Investing

Carnival Barker

Carnival Barkers

“Step right up, folks!  Hurry!  Hurry!  Hurry!  You are mere moments away from learning a secret so massive, it could undermine our very way of life!  Please move in closer so everyone can hear!  Tell your family!  Tell your neighbor!  Act now and I’ll throw in a free American flag, but supplies are limited!” We recently had a client ask us about a radio commercial he heard on the local AM station.  The commercial is deliberately vague, saying some guy predicted a bunch of stuff that came true in the past and now he’s predicting something really scary so check out his website.  The website launches a video that plays automatically and when you try to leave, you get a pop up that directs you to a transcript of the video. The transcript that I looked at was over 12,000 words long and required over 50 pages to fit in…


January Effect

By now, you’ve heard that the US stock market is off to the worst start to a calendar year ever.  This is the sort of news that is trumpeted far and wide as humans are wired to value and pass along bad news (and to elevate the status of those who sound the alarm).  This undoubtedly helped our ancestors warn each other about saber-toothed tigers, but can trip us up as investors today, leaving us easy prey for today’s investment product-selling predators.  I even heard a local economics professor talking about the ‘January Effect’ on the radio this morning.  The ‘January Effect’ is the superstition that as January goes, so goes the rest of the year.  So if the month of January is positive, then so will the rest of the year.  If the month of January is down, the rest of the year will be negative, too.  It’s so easy…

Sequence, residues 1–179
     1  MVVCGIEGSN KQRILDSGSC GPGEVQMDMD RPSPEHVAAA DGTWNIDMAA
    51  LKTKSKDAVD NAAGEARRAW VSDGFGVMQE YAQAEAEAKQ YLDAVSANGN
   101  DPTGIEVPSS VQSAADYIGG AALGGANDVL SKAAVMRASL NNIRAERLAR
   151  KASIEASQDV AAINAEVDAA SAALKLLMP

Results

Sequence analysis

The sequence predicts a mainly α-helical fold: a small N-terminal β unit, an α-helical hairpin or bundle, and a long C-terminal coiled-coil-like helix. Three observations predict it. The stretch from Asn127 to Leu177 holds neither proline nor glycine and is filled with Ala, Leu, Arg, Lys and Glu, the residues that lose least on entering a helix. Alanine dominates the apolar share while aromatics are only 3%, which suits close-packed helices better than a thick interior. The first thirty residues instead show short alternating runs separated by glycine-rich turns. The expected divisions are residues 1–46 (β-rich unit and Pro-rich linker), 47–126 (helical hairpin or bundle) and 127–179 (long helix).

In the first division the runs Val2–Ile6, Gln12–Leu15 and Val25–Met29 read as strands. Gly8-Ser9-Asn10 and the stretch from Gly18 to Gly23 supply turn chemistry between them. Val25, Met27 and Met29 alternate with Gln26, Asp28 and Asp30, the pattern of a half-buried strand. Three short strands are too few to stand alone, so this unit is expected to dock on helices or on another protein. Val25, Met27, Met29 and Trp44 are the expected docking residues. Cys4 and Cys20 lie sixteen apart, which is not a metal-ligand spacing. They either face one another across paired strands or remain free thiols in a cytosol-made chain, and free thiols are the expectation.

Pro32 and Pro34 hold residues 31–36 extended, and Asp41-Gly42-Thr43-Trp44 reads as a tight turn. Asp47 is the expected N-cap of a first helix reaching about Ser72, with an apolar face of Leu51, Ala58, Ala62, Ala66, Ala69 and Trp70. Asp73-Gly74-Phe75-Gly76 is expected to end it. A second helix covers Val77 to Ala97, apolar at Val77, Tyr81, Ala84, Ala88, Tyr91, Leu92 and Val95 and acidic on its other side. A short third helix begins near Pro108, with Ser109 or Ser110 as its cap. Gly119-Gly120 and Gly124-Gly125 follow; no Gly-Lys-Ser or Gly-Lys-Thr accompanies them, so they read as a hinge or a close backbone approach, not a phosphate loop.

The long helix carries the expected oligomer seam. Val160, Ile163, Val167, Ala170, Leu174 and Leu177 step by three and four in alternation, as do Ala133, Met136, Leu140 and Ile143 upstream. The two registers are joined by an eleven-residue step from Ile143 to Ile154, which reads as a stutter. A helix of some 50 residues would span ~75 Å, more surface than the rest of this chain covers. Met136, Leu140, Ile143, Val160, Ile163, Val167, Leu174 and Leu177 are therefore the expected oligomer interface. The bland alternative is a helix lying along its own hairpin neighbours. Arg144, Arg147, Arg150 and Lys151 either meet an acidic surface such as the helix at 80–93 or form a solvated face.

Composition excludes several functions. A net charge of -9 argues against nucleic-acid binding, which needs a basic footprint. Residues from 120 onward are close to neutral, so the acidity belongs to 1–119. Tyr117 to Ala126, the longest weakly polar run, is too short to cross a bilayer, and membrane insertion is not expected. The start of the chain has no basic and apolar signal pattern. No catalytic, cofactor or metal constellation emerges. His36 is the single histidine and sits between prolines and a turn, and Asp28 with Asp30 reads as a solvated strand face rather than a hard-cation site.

No Picture

It’s Forecasting Season

  From the Fairway Wealth Management Blog: As the leaves fall from the trees and the temperature starts to drop here in Cleveland, I am reminded that forecasting season is right around the corner. The same people who predicted $200+ oil, hyper-inflation, and multiple Federal Reserve rate hikes for 2015 will be begging for you to believe that they know what is in store for 2016. They do not. Beware predictions of what the market will do, particularly if they are precise. It may be an interesting game to play for fun, but anyone making a prediction on the S&P 500 out to two decimal places is a charlatan. Predicting the markets is like predicting the weather except that meteorologists realize that predicting the exact weather conditions twelve months in advance is lunacy. The financial entertainment industry is not as self-aware. On December 31st, 2016, what will Cleveland’s exact temperature…


1.21 Gigawatts